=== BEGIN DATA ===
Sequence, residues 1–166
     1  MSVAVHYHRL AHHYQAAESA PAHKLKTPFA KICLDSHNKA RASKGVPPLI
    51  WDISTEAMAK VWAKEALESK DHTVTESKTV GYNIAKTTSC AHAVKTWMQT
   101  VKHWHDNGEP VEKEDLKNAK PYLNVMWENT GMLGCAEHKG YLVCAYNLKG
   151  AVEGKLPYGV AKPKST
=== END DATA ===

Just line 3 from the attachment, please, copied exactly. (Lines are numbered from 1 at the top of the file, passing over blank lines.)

    51  WDISTEAMAK VWAKEALESK DHTVTESKTV GYNIAKTTSC AHAVKTWMQT